An Irish immigrant builds a new life in Canada, the decades marked by marriage, children and the odd otherworldly encounter.
Vidal (Madame Royale, 2010, etc.) successfully transforms family stories into a historical novel that chronicles the life of her great-great-great-grandfather Daniel O’Connor, who established a homestead in Ontario in the 19th century. O’Connor, a blacksmith living in County Cork, Ireland, is frustrated in his desire to train as a doctor because of English laws restricting Catholics’ religious freedom and economic chances. When the political activities of his wild younger brother Owen cast suspicion on O’Connor, he flees Ireland, carrying just two mementos of his homeland—a white rosebush uprooted by his mother and a “paradise tree,” a wooden crucifix so called because it represents a ladder of suffering to climb to heaven. Nine years later, he has carved Long Point farm out of the wilderness, creating a home despite the new continent’s own anti-Catholic prejudice. He marries Brigit, a girl 18 years younger than he is, then almost loses her to Owen, who arrives at the farm after his own midnight departure from Eire. But when a vision of his mother appears to him, hands on hips, he finds the will to throw his brother out of the house and confront his bride. She sobs and swears she will die of shame, insisting, “ ‘Oh, yes, I will die. I will,’ she choked. ‘But fret not....I’ll be getting over it.’ ” And she does, bearing 11 children. The novel follows them as they grow to adulthood, marry and have children of their own, with each section of the book told through the eyes of a different character. Though the story unwinds slowly, it never drags.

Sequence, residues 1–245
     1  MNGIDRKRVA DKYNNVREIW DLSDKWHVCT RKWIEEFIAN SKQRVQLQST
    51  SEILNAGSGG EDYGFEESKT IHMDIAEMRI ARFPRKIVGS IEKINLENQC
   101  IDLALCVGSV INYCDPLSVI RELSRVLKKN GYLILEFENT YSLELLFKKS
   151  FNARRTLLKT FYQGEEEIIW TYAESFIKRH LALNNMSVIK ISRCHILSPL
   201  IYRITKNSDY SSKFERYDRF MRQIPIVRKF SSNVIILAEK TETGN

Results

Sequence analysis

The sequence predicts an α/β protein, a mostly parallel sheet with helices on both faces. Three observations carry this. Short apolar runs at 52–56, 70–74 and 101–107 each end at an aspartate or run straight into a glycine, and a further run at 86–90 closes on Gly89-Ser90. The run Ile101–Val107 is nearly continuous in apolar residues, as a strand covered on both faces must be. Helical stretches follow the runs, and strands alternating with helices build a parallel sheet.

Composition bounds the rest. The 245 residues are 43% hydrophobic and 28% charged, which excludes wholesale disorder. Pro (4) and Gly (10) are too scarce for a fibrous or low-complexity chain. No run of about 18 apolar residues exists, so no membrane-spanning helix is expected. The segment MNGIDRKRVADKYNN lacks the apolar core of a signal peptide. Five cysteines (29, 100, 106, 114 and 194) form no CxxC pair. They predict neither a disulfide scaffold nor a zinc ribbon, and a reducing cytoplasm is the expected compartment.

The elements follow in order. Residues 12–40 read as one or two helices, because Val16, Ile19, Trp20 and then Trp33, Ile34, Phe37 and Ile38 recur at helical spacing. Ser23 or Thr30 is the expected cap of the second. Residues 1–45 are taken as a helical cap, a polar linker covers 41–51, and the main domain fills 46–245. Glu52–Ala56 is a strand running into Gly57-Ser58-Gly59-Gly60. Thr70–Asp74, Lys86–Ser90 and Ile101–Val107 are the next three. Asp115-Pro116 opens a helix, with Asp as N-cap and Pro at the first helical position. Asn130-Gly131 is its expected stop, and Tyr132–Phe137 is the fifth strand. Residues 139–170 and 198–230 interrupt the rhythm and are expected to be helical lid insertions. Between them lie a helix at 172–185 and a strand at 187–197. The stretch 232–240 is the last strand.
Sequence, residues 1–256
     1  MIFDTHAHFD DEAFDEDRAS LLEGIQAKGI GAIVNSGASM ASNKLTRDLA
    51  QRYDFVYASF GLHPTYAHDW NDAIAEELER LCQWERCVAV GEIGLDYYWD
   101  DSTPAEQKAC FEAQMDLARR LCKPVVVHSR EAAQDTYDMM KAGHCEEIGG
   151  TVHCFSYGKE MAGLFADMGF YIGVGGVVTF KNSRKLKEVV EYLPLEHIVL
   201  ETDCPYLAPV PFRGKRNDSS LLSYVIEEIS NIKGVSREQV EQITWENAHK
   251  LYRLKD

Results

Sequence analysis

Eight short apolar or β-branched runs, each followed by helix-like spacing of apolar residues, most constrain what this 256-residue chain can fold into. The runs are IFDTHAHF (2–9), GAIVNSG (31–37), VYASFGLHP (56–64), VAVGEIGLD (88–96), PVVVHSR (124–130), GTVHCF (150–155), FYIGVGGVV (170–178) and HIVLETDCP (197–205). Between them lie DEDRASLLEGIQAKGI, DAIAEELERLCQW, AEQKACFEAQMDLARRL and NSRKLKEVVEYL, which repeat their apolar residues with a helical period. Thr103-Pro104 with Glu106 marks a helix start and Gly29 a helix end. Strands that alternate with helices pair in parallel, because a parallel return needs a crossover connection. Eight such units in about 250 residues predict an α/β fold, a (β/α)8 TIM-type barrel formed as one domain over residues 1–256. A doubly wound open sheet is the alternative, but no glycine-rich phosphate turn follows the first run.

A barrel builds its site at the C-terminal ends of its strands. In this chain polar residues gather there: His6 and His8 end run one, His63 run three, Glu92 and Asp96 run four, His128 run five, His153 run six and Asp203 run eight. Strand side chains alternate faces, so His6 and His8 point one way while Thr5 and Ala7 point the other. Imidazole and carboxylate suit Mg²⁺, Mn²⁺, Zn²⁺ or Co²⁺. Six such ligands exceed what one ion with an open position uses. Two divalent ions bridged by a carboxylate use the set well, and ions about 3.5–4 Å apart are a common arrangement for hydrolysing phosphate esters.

An imaginative, meticulously told history that will especially appeal to those with Irish roots.